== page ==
LUCIFER'S STAR is the first novel of the Lucifer's Star series, a dark science fiction space opera set in a world of aliens, war, politics, and slavery."

Over the past couple of years I've been slowly starting to get more into sci-fi, and space opera is one of the subgenres I've been trying to dip into more and more. I'll be honest here and say something a bit controversial--I am not much of a Star Wars fan at all, so I'm always somewhat skeptical of whether similar sci-fi settings will be a hit or miss, but I have to say that I had such an enjoyable time reading this book and am glad I had the opportunity to read it.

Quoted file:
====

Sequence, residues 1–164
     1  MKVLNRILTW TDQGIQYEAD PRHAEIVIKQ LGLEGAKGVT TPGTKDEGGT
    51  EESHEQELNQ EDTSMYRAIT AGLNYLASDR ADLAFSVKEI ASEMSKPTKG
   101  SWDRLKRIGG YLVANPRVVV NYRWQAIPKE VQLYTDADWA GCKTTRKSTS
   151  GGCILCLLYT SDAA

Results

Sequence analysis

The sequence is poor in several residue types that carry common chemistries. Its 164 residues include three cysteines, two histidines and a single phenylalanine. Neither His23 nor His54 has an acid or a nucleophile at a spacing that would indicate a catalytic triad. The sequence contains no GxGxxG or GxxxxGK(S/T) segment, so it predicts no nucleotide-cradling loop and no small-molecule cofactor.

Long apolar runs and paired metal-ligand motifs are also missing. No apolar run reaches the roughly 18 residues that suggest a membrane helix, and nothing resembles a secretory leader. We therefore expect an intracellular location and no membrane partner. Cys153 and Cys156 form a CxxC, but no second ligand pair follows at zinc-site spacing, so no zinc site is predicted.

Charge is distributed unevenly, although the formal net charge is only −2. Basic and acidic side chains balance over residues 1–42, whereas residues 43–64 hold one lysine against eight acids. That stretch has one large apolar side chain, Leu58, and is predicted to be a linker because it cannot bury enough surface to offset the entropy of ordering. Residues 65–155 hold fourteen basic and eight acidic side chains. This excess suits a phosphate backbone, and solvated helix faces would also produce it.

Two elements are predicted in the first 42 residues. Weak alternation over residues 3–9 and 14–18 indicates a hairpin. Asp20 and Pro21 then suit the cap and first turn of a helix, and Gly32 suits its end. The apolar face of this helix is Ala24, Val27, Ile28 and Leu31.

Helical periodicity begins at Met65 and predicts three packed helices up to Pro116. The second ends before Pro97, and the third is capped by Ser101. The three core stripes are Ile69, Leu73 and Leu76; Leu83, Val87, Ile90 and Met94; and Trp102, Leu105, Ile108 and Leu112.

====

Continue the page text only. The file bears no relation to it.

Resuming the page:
Lucifer's Star is a great example of a well-written, highly entertaining space opera. The world-building was executed extremely well, with an engaging futuristic world in which humans have basically destroyed earth and have now colonized a large portion of the world in space. I really appreciated how much detail went into the world-building and also the politics and intricacies of the world that added layers of authenticity to the world. It did feel a little hard to keep up with everything at times because it all seemed to come at me pretty quickly, but it also made me appreciate how much work the authors put into it. I also found the mentions of alien life interesting, as they weren't a huge part of this story, but they were still mentioned in a way that made it apparent that they were a part of the world. The alien life in this book are known to have greater technology and advancements, but there is a still a large air of mystery surrounding them that I think only added to the world-building.